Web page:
In an interview with Huffington Post reporter, Michael McLaughlin, Prairie View police officer, Michael Kelley said that some portions of his initial incident report regarding Bland’s arrest were removed. The portions removed were those that gave an unflattering view of the police officer who arrested Bland. Kelly also stated that he was threatened for speaking out about what he witnessed during the July 10, 2015 incident.
Bland died in a Waller County, Texas jail last year, three days after being arrested for allegedly assaulting trooper Brian Encinia. The department said that Bland had apparently committed suicide, a possibility that her family denies. The case made headlines across the country, and many critics and activists questioned why Bland had been arrested in the first place.
Kelley told the Huffington Post that when he arrived at the scene, Bland was already in the back seat of the squad car and handcuffed. The incident, Kelley said, began as a routine traffic stop and that the arresting officer, Encinia, had turned off his body camera. Kelley stated that when he arrived, he overheard that Encinia admitting that he wasn’t sure what charge to file against Bland.
Kelley states that that Encinia’s admission was removed from the official incident report:
‘My opinion is that he messed up. He did not have probable cause to detain her after he pulled her out of the car.’
Kelley also stated that it appeared to him that the 28-year-old Bland had been struck in the head, another portion of his incident report that seems to have been removed from the official record.
‘She had a large mark on her head. Maybe she fell when she was in handcuffs. Maybe she got kicked.’
Kelley told Huffington Post that Bland had complained about pain from the head injury but wouldn’t cooperate with the EMTs.
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Kelley said that law enforcement officials edited his two-page draft report down to less than a page, then included it into the official records without his approval. Kelley also said that he was threatened when he requested a change to testify before the grand jury that investigated Bland’s arrest. Kelly stated that Assistant District Attorney Warren Diepraam threatened him and his career.
‘He told me it wouldn’t be good for my career. Then I told him I was going to talk to Sandra Bland’s mother’s attorney, and he told me I was going to be beneath the jail.’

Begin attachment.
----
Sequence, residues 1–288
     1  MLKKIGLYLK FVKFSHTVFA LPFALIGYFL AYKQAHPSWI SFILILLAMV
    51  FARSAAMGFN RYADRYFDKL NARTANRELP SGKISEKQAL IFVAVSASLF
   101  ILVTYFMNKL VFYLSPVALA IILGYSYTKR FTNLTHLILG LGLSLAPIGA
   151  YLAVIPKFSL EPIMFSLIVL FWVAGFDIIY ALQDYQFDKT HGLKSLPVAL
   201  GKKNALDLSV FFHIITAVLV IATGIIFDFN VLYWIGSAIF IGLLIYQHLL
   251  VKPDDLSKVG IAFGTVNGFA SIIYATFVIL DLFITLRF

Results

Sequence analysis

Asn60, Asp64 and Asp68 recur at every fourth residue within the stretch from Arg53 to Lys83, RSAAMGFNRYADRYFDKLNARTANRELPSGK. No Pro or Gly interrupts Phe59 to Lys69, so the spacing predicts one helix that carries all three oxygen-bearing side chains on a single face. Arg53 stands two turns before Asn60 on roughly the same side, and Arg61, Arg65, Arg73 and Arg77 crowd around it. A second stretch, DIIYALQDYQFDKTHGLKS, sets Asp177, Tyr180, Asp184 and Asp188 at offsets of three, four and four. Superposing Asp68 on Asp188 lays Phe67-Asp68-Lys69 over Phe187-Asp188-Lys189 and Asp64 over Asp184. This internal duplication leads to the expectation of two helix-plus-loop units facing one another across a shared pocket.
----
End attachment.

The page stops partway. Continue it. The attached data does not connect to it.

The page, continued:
Denials from Encinia’s lawyer, Chip Lewis, were issued quickly. Lewis questioned why Kelley had waited so long to to speak to the press. He also argued that another Prairie View officer didn’t report Encinia wondering how to charge Bland. Lewis stated:
‘I don’t think it’s worth the paper it’s written on. They’re completely contradicted by other eyewitnesses.’
Kelley himself is a figure of some controversy. The 33-year-old officer was indicted for “official oppression” in the misuse of a stun gun on a Black Prairie View council member.
Elton Mathis, Waller County District Attorney, says that Kelley’s charges of a cover up are “fictional.” Mathis released a statement Tuesday, reading:
‘He never approached me, my first assistant, or any member of my staff with any such information. His job was never threatened by me or my staff, and I barely knew who he was before he was indicted.
‘I can only imagine that this is an attempt to divert attention away from the crime committed against Councilman Miller and to cash in on the media attention and sad circumstances surrounding Ms. Bland’s death last year…’
Kelley, in turn, says the indictment is a payback for his speaking out about Sandra Bland.
Kelley’s accusations against the department officials were made public to the press on Tuesday by activist Dwayne Charleston, who talked to Kelley about Bland’s arrest. Charleston recorded the telephone conversation and played it at a press conference on Tuesday. The recording revealed that Kelley told Charleston that he had wanted to testify on Bland’s behalf, but had been threatened.
Encinia has been fired from the Prairie View police department and faces criminal perjury charges for falsifying what happened during the arrest.
Article courtesy of Sarah McMamanus at BipartisanReport.com